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“Although leadership cannot be taught, it can be learned. The power is in the story.”

  • Horton Auditorium, Scotch Oakburn College, 85 Penquite Road Newstead, TAS, 7250 Australia (map)
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You are invited to attend an important presentation and discussion ALL WELCOME

The Tamar Community Peace Trust, the Tamar Valley Writers Festival and Scotch Oakburn College are honoured to host a 2018 Peace Festival event featuring, the esteemed,

The Hon Brendan Nelson

AO BMBS FRACP (Hon) FAMA FRSN

who will discuss the topic,

“Although leadership cannot be taught, it can be learned.

The power is in the story.”

6.30 - 8.00pm, Friday 3rd August, 2018

Horton Auditorium, Scotch Oakburn College, 85 Penquite Road, Launceston

* https://www.soc.tas.edu.au/our-college/our-campuses/penquite-campus-2/

RSVP here before Monday 30th July – limited numbers

While there will be NO CHARGE to attend this event, guests will be welcome to make a donation to support Misha’s Mates (www.mishasmates.com)

2018 Tamar Valley Writers Festival is September 14-16 program -: http://www.tamarvalleywritersfestival.com.au

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Hon Brendan Nelson

AO BMBS FRACP (Hon) FAMA FRSN

Dr Brendan Nelson has been the Director of the Australian War Memorial for almost six years. Prior to this role, he was the Australian Ambassador to Belgium, Luxembourg, the European Union and NATO. Apart from overseeing a major transformation in Australia’s relationships with the European Union and NATO, Dr Nelson forged deep links with the communities of Flanders, where almost 14,000 Australians lost their lives during the First World War. He regularly made the trip from Brussels to the Menin Gate Memorial to the ‘missing’ at Ieper, where the names of 6,190 Australians who died in the First World War and have no known grave are listed.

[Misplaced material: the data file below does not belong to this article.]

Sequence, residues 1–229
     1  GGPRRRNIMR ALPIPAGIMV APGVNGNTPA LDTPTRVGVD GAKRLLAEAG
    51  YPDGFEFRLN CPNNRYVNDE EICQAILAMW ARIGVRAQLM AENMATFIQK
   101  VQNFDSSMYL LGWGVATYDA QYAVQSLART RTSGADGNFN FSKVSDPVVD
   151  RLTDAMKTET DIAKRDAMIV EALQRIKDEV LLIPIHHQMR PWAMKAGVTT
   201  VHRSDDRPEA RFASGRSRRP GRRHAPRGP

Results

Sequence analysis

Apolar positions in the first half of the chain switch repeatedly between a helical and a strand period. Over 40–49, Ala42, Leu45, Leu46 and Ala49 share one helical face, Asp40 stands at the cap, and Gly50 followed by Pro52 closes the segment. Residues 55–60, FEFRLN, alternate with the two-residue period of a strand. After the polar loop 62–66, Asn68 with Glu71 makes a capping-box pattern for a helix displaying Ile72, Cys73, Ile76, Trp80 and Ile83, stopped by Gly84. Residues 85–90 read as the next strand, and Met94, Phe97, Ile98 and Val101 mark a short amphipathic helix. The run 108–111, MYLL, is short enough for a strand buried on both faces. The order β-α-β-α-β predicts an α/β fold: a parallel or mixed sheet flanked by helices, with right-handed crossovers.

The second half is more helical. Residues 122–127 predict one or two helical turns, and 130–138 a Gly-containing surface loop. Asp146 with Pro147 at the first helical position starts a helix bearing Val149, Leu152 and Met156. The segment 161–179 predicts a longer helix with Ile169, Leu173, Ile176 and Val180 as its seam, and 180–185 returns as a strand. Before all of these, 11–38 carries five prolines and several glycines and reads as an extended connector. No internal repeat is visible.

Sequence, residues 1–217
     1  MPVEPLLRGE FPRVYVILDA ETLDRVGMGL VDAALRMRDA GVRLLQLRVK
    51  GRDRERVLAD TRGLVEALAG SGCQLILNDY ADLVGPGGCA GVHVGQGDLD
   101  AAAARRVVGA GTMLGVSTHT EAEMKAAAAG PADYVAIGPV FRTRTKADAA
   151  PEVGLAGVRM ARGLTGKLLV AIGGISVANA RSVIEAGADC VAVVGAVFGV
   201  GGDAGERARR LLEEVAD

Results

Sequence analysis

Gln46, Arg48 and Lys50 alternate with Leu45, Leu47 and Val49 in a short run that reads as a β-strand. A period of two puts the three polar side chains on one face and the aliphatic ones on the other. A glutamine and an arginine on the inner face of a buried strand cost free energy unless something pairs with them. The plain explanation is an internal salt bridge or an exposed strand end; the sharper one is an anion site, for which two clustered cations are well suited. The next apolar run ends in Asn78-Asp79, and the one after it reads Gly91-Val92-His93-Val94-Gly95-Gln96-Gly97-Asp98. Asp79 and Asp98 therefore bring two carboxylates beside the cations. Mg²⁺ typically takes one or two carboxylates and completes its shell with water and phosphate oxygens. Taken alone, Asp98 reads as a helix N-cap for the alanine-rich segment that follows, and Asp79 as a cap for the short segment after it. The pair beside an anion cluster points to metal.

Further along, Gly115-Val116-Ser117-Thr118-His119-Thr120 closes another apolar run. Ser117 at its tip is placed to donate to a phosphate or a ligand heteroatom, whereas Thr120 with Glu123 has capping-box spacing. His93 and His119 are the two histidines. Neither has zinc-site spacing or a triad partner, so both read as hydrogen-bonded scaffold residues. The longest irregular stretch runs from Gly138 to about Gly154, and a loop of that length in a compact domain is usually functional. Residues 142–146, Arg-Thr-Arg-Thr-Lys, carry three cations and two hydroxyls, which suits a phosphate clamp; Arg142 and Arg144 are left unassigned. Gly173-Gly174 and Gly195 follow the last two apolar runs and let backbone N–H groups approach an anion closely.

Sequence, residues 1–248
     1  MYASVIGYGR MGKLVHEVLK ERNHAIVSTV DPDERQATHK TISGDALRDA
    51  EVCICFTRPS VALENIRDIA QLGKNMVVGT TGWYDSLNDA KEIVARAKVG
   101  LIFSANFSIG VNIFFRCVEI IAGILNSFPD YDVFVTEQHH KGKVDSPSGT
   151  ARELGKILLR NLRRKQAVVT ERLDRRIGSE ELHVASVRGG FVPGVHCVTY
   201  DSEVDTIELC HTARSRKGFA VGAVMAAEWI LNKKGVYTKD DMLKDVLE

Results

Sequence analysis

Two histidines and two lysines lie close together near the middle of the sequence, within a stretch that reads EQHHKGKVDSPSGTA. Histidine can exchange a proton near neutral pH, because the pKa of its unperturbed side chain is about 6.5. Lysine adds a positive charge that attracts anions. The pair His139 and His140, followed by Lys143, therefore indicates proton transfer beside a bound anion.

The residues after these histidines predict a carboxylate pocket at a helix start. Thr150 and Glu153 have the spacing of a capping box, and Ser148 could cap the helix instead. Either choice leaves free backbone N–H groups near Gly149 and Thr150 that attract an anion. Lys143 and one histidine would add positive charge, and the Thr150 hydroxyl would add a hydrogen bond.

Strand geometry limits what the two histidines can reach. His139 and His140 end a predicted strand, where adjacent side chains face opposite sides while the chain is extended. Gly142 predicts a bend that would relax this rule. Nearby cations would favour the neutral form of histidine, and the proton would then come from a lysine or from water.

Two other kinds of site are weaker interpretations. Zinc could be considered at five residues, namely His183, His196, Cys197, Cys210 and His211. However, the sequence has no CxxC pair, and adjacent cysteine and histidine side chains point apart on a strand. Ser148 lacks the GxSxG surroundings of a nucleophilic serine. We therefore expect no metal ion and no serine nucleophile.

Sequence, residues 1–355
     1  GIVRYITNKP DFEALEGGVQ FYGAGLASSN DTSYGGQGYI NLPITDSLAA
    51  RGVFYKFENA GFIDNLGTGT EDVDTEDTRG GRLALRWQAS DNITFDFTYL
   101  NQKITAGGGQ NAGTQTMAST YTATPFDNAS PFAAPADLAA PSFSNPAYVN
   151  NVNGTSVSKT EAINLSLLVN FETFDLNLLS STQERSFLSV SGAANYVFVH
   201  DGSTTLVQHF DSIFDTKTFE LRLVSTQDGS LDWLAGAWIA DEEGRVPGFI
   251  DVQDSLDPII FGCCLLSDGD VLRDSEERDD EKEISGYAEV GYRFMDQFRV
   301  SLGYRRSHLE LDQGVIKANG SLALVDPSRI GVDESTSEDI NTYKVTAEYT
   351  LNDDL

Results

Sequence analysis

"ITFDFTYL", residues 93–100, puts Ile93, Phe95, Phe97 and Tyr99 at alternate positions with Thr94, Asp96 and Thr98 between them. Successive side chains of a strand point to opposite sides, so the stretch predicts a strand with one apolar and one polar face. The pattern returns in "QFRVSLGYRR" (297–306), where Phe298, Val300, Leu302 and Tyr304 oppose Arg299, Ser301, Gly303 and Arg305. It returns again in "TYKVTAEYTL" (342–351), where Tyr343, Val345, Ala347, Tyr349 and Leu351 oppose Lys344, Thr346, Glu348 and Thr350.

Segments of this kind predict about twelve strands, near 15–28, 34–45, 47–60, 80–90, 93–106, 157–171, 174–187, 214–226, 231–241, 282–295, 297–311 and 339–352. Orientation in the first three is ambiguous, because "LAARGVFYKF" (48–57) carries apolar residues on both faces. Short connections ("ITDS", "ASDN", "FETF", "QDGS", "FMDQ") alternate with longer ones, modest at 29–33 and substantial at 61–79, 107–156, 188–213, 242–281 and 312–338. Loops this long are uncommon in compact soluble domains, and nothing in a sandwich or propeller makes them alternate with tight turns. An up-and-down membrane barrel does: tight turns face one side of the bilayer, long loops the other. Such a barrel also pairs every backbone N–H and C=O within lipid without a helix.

Born in Victoria, Dr Nelson graduated with a Bachelor of Medicine and Surgery from Flinders University before working as a medical practitioner in Hobart from 1985 to 1995. During this period he served as National President of the Australian Medical Association where he campaigned on a wide range of social policy issues, including Aboriginal health and immunisation. He also led the campaign against tobacco advertising and sponsorship of sport and was a relentless advocate for private health insurance. 

Dr Nelson was elected to the Federal Parliament of Australia in 1996. Some 10 years later he was appointed Minister for Defence when troops were deployed to Iraq, Afghanistan, East Timor and the Solomon Islands. 

 

The following year Dr Nelson was elected leader of the Liberal Party of Australia, serving as Leader of the Opposition until September 2008.

In 1995 Dr Nelson was awarded the AMA’s highest honour, the Gold Medal for “Distinguished Service to Medicine and Humanity”. In recognition of his commitment to public health, he was awarded an Honorary Fellowship of the Royal Australasian College of Physicians. In 2011 he received an Honorary Doctorate from Flinders University and in 2017, an Honorary Doctorate from the Australian National University.  He is a Fellow of the Royal Society of NSW (2017), Rotary Paul Harris Fellow and a Sydney University John Lowenthal Medallist.

Dr Nelson was appointed an Officer of the Order of Australia (AO) in January 2016 for his services to the community, the parliament of Australia, diplomacy and cultural leadership.

In addition to being Director of the Australian War Memorial Dr Nelson is a Distinguished Visiting Fellow at ANU; Member of the Australian Genome Project Advisory Board; Patron of Lifeline ACT; Patron of Trish MS Research; Patron of the Weary Dunlop Foundation; Patron of the NSW RSL and Services Clubs; Ambassador for Legacy Australia; Ambassador for the Invictus Games for disabled veterans; ambassador for Soldier On and ambassador for the Defence Reserve Forces Council.